Ronda Rousey Will Turn Public Perception Around at UFC 168 with Convincing Win

Joseph ZuckerFeatured ColumnistDecember 27, 2013

Feb 23, 2013; Anaheim, CA, USA;    Ronda Rousey celebrates after defeating Liz Carmouche (not pictured) after their UFC women's world bantamweight championship bout at the Honda Center. Mandatory Credit: Jayne Kamin-Oncea-USA TODAY Sports
Jayne Kamin-Oncea-USA TODAY Sports

The best way to earn respect is to beat it into people. In lieu of bringing a PR disaster to the UFC, Ronda Rousey can settle for dismantling Miesha Tate at UFC 168.

While the reigning Women's Bantamweight Champion remains one of the most popular fighters in the company, she's beginning to undergo what would be considered a heel turn in professional wrestling or perhaps has already entered into that territory for some.

There was a time when Rousey was a refreshing face. Now, she has been featured on so many different television shows and magazine covers that she's been overexposed to the sporting public. Fans are getting sick of seeing her face everywhere they look.

It's happened to plenty of celebrities and athletes before, plenty of whom aren't even that good to begin with (see Tebow, Tim).

Coaching a team against Tate on The Ultimate Fighter did nothing to present Rousey in a good light or help her public image.

However, she accused the show of splicing together clips in order to fit the narrative, via Lance Pugmire of the Los Angeles Times:

We were really mistreated and really disrespected by the whole production staff. Everyone was constantly being instigated and manipulated to get the most dramatic response. … Constantly poked and prodded, like we weren’t even people. … It left a sour taste in my mouth.

They edited as they pleased. They needed a villain and they made me fill that role. … It came off terribly for me.

Rather than using her words to change the public's perception, Rousey instead needs to dispatch Tate with ease. Nothing turns fans around quicker than seeing a great athlete be great.

Gareth A. Davies of illustrated how fickle UFC fans can be:

Look at Jon Jones. He gets a strange rap from the UFC fan base. Jones told me not long after he became light heavyweight champion how he applies the “10-80-10 rule”, and never departs from it.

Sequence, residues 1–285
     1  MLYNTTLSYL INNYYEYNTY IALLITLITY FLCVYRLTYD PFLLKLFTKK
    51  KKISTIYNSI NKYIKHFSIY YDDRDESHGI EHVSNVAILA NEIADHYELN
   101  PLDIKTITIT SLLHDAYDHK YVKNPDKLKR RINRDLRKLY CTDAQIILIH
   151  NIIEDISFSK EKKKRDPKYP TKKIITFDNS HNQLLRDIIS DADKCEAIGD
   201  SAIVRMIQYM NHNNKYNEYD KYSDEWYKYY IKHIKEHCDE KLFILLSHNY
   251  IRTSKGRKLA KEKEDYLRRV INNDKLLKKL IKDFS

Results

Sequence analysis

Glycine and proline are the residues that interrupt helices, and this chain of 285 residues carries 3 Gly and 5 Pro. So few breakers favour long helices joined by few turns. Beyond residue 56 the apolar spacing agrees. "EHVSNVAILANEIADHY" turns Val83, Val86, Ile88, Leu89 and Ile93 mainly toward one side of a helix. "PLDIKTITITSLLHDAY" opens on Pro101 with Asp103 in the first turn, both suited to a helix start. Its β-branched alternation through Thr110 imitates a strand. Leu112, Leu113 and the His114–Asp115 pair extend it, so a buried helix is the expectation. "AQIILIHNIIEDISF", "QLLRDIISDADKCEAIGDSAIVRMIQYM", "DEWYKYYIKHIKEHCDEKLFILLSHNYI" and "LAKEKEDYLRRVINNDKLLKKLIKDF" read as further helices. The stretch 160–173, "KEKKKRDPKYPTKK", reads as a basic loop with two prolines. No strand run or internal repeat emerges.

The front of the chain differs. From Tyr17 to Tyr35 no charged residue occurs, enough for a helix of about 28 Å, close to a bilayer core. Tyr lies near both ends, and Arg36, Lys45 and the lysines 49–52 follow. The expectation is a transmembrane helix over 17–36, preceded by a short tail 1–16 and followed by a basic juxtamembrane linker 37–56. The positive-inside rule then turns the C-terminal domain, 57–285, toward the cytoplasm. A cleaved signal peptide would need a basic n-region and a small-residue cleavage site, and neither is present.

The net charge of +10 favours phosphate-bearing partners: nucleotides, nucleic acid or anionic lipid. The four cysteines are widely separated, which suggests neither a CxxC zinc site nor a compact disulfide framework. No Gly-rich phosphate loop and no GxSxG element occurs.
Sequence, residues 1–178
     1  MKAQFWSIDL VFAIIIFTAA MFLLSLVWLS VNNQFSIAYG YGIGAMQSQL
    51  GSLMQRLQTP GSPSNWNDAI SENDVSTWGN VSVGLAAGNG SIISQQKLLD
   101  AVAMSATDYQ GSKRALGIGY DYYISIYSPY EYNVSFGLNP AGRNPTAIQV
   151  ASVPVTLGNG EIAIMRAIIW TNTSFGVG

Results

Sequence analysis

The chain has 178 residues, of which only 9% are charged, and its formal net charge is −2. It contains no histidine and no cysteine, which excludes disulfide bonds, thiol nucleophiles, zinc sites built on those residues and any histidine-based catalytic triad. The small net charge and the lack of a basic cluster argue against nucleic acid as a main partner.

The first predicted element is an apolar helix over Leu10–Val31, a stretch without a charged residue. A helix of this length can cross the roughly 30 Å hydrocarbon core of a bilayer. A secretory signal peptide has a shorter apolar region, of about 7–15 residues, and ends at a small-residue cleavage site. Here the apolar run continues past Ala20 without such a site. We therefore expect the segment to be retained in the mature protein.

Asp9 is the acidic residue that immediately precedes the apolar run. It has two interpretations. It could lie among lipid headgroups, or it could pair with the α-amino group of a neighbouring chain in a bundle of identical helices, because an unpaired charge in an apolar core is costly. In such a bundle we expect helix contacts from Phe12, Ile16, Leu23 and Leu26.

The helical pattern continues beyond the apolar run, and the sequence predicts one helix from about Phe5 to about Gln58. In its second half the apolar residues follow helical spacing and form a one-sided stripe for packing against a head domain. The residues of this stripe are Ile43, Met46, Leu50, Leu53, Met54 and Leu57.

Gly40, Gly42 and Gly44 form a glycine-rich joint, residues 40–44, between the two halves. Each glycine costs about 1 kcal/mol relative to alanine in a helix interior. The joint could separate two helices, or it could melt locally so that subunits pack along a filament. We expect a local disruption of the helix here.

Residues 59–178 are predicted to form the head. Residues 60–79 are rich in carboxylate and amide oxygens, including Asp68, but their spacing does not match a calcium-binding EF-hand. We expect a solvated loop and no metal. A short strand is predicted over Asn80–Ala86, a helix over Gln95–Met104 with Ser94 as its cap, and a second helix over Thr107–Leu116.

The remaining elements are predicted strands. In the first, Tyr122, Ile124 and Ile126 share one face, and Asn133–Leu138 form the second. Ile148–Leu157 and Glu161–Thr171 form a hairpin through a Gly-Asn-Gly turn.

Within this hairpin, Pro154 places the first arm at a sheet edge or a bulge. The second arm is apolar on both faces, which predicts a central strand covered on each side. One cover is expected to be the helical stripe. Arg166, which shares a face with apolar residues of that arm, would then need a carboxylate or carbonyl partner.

His theory is this: 10 percent of fans will hate him no matter what; another 10 percent will follow him devotedly even if he went on a lay-and-pray streak and sent a series of arenas into slumber. The remaining 80 percent, he reckons, swim with the tide. Pretty wise theory.

And I’ll wager it holds true. Ever recall a fighter being booed into the Octagon, and then cheered out of it, or cheered as they come back and rescue a victory from the throes of defeat?

Those Coliseum moments which draw us all in, when a baying crowd turns, and the heel leaves as hero, are legion in MMA.

What drew so many people to Rousey was the way in which she won fights. It didn't hurt that she's a female athlete who happens to be beautiful, but that only gets you so far for so long (see Patrick, Danica). In order to keep fans interested, you have to be good, and there's no doubt about Rousey's talent.

None of her seven fights has gone past the first round, and each of which was ended when she slapped on the armbar.

On Saturday night, Rousey has the chance to make everyone remember what was so awesome about her in the first place—her talent. Watching Rousey is like watching any other great athlete at the peak of their powers.

It's similar to what you see with Floyd Mayweather. You may not like the way he constantly flaunts his wealth, but you have to respect the guy for how he's continued to be one of the best pound-for-pound fighters in the world. He talks a big game, but he backs it up.

The more Rousey fights, and more importantly wins, the less people will care about what kind of person she is. Beating Tate will help turn everybody back around and get the narrative back to how great Rousey is in the Octagon and not whether she's a saint outside of it.